Hi, I'm Bryant & I'm new

Discussion in 'Odds & Ends' started by Bryant, Aug 1, 2006.

  1. Bryant

    Bryant New User

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    Hey guy/girls,

    My name is Bryant. I'm new to this forum & tennis. Just started taking it more seriously over the summer...
    I play with some old Head racquet I got at target for $15 four years ago.

    I recently switched to a semi-western from a eastern grip in attempt to keep the ball in the court on my forehands with a decent amount of power. My serve is my biggest weakness, I'm developing a topspin serve and have a decent (though slow) slice. My flat serve...is bad. I have a hard time controlling it...usually it goes long. My backhand is developing, experimenting with a two handed BH to see if I can get more control/power. I'm thinking about playing HS tennis if I get better. I would rate myself a 3.0 - 3.5. I'm pretty good at using different spins on the ball and attacking the net occasionally.

    I think thats it for now, look for me to post some questions about serving/backhands/grips etc.
     
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  2. zhan

    zhan Banned

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    hi nice to meet u
    first thing first get a real racquet
    second try to get a trainer
    third play a lot of tennis

    how old r u?
     
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  3. punch

    punch Semi-Pro

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    Yeah ditch that old (and probably a bit warped) racquet first. Start searching here on TW for ones that might fit your game, at a reasonable price. I would not recommend going all out on a 200 dollar racquet if you are a beginner.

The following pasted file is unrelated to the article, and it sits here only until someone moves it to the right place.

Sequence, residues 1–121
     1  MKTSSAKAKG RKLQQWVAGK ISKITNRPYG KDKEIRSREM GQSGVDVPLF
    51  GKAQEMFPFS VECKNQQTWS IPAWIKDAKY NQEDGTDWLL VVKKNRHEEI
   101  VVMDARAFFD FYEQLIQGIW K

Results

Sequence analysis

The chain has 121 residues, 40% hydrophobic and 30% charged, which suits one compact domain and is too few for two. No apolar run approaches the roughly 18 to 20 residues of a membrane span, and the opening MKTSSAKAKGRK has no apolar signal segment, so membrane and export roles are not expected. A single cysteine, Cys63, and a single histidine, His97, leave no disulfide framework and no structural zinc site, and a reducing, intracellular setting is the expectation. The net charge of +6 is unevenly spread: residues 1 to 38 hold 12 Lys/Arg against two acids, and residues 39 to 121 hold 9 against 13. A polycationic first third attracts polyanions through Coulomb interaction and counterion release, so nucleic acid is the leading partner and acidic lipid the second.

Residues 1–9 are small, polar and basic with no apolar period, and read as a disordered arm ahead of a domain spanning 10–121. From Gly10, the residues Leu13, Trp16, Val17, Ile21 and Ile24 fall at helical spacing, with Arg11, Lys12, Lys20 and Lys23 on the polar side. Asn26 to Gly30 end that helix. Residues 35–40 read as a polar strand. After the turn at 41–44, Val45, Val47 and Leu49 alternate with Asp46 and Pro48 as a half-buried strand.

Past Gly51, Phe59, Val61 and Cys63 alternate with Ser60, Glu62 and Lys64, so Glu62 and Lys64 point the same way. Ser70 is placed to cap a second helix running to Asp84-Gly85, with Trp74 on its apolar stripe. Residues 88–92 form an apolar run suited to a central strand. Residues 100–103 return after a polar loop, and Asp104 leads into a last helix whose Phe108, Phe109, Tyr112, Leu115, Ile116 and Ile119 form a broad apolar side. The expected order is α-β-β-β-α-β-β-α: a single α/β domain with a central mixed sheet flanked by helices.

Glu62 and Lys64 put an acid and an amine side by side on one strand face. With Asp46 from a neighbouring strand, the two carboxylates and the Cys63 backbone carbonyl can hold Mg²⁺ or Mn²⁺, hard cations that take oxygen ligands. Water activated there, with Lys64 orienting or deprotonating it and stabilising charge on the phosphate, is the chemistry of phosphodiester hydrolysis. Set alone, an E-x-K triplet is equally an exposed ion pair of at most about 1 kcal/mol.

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  4. zhan

    zhan Banned

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    hey you...
    im a noob swinging an n6.1 here...
    so -.- :rolleyes: :mrgreen:
    lol
     
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  5. ChipNCharge

    ChipNCharge Professional

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    I'd just get a Triple Threat Scream OS, Triple Threat Bandit OS, or a Thundercloud. They're good, inexpensive racquets. All three are $60 here at TW.
     
    #5
  6. zhan

    zhan Banned

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    i would say get one of those in OS and string with good strings...
    like maybe ALU...
    because strings make a world of difference
    then as game developes get a real racquet like n6.1 or RDS 001
     
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  7. Zets147

    Zets147 Banned

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    When I was a beginner I started out with the Triple Threat Warrior while my bro bought a Triple Threat Bandit. I have tried them both out at the time, so in my opinion and experiences with the two, get the triple threat warrior instead.
     
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  8. DragonNeedSpank

    DragonNeedSpank Rookie

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    wen i was a beginning i also started with a crappy raquet and i kept breaking the freaking string... t.t cheap racquet..... i used a wilson tour 110 as my first one then i moved on to Wilson nCode nSix-One Tour.... lol but i moved to a realli big step but to me i think of it use a more advance racquet the faster u learn.... soo... but i have NOT DECIDED WUT STRING I SHOULD USE!!!! =(!!!!
     
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  9. Bryant

    Bryant New User

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    I am 15

    1) Would like to, have to convince my parents though (working on it :mrgreen: )
    2) Don't know of any around here. There beginner lessons taught by high schoolers...seen them work...not impressive.
    3) Have done...played almost everyday for over a month.